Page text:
Ireland likely experiencing several hundred thousand Covid-19 cases per week, says Donnelly

No plans to reimpose measures as numbers in hospital with virus set to top 2,200

The number of Covid-19 patients in hospital could top 2,200 within the next 10 days, Ministers believe, amid increasing pressure on the Government to re-examine restrictions.

The Coalition is reluctant to reimpose any measures and currently intends to allow emergency Covid-19 public health laws lapse on Thursday.

Minister for Health Stephen Donnelly said the extra transmissibility of the BA.2 subvariant means “quite extreme measures” would be needed to contain it.

Hospital Report

He told an online meeting of Fianna Fáil members on Monday night that there were likely several hundred thousand cases of Covid every week, with daily numbers several times higher than those being tracked by PCR and antigen tests.


However, a stakeholders’ taskforce has written to Mr Donnelly seeking fresh public advice amid concern about rising case numbers.

The Emergency Department (ED) Taskforce, which monitors overcrowding in hospitals, urged Mr Donnelly to convene “the necessary public health resources and advisors to consider any and all measures that may now be appropriate in order to provide an increased level of protection to health and social care service provision”.


Updated Covid-19 modelling has been sought by Government, but a senior source said that, based on an analysis of recent data, there could be a peak of 2,000-2,200 Covid-19 hospitalisations in the next seven to 10 days, and the figure would then “fall fast”.

The ED Taskforce, which is co-chaired by the HSE’s chief operating officer, Anne O’Connor, and the general secretary of the Irish Nurses and Midwives Organisation, Phil Ní Sheaghdha, met on Monday.

There were 1,624 people in hospital with coronavirus on Monday, of whom 54 were in intensive care units.

Mr Donnelly said the transmissibility of the BA.2 subvariant meant that extremely restrictive measures would be needed to contain it, and said that he was told by chief medical officer Tony Holohan that extra restrictions of this level were not currently advised.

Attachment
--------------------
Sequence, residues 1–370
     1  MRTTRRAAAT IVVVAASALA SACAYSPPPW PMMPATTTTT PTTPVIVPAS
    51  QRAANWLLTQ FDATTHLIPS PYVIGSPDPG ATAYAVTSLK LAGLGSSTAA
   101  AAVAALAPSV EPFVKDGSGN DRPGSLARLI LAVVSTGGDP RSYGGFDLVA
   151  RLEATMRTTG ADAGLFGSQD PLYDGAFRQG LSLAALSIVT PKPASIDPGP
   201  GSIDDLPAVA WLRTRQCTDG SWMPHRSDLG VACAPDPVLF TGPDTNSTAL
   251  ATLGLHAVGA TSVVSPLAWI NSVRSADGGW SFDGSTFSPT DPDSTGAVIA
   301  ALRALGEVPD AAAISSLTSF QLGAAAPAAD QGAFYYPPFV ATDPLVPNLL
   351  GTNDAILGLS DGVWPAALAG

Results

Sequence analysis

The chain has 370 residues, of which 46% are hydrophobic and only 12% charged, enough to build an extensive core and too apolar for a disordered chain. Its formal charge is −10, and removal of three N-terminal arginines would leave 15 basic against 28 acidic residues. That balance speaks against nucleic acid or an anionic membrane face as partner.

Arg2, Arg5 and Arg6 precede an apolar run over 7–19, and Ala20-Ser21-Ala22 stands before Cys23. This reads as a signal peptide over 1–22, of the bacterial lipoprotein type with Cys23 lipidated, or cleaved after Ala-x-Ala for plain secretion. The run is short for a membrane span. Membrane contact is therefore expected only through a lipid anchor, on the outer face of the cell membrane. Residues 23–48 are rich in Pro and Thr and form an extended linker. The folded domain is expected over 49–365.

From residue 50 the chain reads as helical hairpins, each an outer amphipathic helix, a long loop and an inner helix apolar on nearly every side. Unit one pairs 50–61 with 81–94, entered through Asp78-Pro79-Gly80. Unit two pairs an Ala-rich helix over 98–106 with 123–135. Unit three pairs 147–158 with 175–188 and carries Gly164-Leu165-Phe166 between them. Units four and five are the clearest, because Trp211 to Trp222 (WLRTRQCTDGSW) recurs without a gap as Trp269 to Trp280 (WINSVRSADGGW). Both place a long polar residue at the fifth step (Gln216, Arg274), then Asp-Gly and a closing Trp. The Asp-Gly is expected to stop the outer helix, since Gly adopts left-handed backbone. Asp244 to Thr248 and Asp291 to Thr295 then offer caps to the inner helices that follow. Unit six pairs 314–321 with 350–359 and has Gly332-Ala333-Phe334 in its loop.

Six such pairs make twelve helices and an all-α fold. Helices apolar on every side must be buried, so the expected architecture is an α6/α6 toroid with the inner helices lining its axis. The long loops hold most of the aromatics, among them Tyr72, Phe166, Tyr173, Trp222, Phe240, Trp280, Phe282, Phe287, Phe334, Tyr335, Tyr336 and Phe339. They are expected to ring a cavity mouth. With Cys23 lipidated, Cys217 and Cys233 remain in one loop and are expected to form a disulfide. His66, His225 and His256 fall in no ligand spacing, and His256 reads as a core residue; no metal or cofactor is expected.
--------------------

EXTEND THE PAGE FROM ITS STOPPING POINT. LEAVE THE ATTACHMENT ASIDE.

Sources said he told the Fianna Fáil meeting that about half the 54 people in critical care units who had Covid were there because of the virus, and that about the same number were not fully vaccinated.

On masks, he told the meeting that while the legal requirement to wear masks had been disposed of, the public health advice to do so had been retained.

‘Well into April’

HSE chief Paul Reid said on Monday the experience of other countries in Europe was that the current variant waned after a while, so that meant Ireland was likely to be dealing with the current wave of the virus “well into April”.

He was speaking as the Department of Health announced that 39,561 cases of Covid-19 had been recorded in the last three days.

While hospitals are dealing with the most severe effects from the latest Covid wave, it has had a knock-on effect on other sectors including aviation, with Dublin Airport experiencing long delays due to staff shortages.

Its operator, DAA, said it had set up a taskforce to consider emergency measures including the possible opening of security desks on a 24-hour basis and speeding up the placement of new recruits.

Jennifer Bray

Jennifer Bray

Jennifer Bray is a Political Correspondent with The Irish Times

Jack Horgan-Jones

Jack Horgan-Jones

Jack Horgan-Jones is a political reporter with The Irish Times